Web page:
Gordon Parks was a photographer, musician, artist, writer, and film director. Not only was he prominent in photo-documentary of the black experience from the 1940s to 1970s, he was a cultural pioneer. He was the first African-American photographer to work for the FSA, Life magazine, and Vogue, and to direct a major Hollywood motion picture. While his photography is what he should be best known for, most know him as the creator of the “blaxploitation” genre of films.
Born to a farmer in Kansas in 1912, he was the youngest of 15 children. His elementary school was segregated. The small town couldn’t afford two high schools, so was integrated by circumstance, but black youth could not participate in sports or school socials. At 11, three white thugs threw him in the river, knowing he couldn’t swim. When his mother died when he was 14, he moved to Minnesota to live with a sister. That didn’t work out, and by 15 he was living on the streets. By 17, he’d made his way to Chicago, where his first job was as a piano player in a brothel. Then he went to Seattle in his mid-20s, where he bought a camera at a pawnshop and taught himself how to use it. Parks was drawn to photography when he saw images of migrant workers in a magazine.
At the suggestion of Marva Louis, wife of heavyweight boxing champion Joe Louis, he moved back to Chicago and started a portrait business. By 1941, a photo-series he had done chronicling the south side of Chicago won him a fellowship at the Farm Security Administration (FSA), which was documenting the nation’s social conditions. When the FSA closed in 1943, Parks became a freelance photographer.
“I picked up a camera because it was my choice of weapons against what I hated most about the universe: racism, intolerance, poverty.” – Gordon Parks
Around the same time, Parks began writing. He eventually wrote 15 books.
Parks worked as a fashion photographer at Vogue beginning in 1944. This allowed him to travel and create pictures that showed the beauty of design, and creativity of places that few people of color were able to reach.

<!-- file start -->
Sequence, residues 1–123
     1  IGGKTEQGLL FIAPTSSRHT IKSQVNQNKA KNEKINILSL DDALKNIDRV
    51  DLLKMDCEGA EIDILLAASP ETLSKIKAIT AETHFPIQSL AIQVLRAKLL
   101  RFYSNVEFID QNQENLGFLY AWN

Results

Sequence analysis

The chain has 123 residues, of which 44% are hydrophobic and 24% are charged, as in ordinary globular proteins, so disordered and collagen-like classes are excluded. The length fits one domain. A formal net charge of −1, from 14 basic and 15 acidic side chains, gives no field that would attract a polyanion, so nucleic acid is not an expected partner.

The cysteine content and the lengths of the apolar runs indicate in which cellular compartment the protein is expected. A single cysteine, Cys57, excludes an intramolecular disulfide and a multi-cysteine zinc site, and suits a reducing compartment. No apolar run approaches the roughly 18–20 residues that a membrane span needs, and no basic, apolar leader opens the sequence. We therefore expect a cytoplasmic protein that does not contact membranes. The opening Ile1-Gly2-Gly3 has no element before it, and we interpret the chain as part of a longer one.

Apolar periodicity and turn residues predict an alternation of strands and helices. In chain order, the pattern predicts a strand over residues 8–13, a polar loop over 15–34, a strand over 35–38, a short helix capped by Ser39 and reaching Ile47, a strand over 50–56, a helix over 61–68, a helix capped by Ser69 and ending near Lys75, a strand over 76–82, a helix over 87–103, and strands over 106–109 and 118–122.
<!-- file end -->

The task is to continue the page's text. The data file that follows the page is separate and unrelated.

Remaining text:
His 1948 photo essay on the life of a Harlem gang leader won him widespread acclaim, and led to him becoming the first African American staff photographer at Life, taking assignments in both fashion and photojournalism. He remained at Life until 1970, producing many of his most important photo essays. And, while his work connected him with the Civil Rights movement, he did not simply focus on demonstrations and boycotts, but on the lives of every day people.
In the 1950s, Parks worked as a consultant on various Hollywood productions, and eventually he created a series of documentaries on black ghetto life.
In 1969, Parks became the first African American to write and direct a Hollywood feature film based on his bestselling semi-autobiographical novel The Learning Tree. This was followed in 1971 by the hugely successful motion picture Shaft, a detective film that would begin the blaxploitation genre.
His art continued to evolve. In 1989 he penned a ballet called “Martin” about MLK Jr. Around the same time he began to explore digital ink-jet printing, incorporating landscapes and other objects. He had a series from 1993-1995, called Later Abstractions.
Parks was a co-founder of Essence magazine and served as its editorial director during the first three years of its circulation.
Parks received many awards and he received dozens of honorary doctorates.
- A fellowship for photography from the Rosenwald Fund (1941)
- Named “Magazine Photographer of the Year” for 19060 by the American Society of Magazine Photographers (1961)
- Awarded the Spingarn Medal by the NAACP (1972)
- US Library of Congress selects The Learning Tree as one of the first 25 films chosen for permanent preservation as part of the National Film Registry (1989)
- Missouri Honor Medal for Distinguished Service in Journalism, Missouri School of Journalism, University of Missouri, Columbia, MO (1990)
- The Congress of Racial Equality Lifetime Achievement Award (2000)
- Library of Congress selects Shaft for National Film Registry preservation (2000)
- “Living Legend” award from Library of Congress, honoring “artists, writers, activists, filmmakers, physicians, entertainers, sports figures and public servants who have made significant contributions to America’s diverse cultural, scientific and social heritage” (2000)
- Kitty Carlisle Hart Award, Arts & Business Council, New York (2001)
- Royal Photographic Society’s Special 150th Anniversary Medal and Honorary Fellowship (2003)
- Jackie Robinson Foundation Lifetime Achievement Award (2002)
- Inducted into the International Photography Hall of Fame and Museum (2002)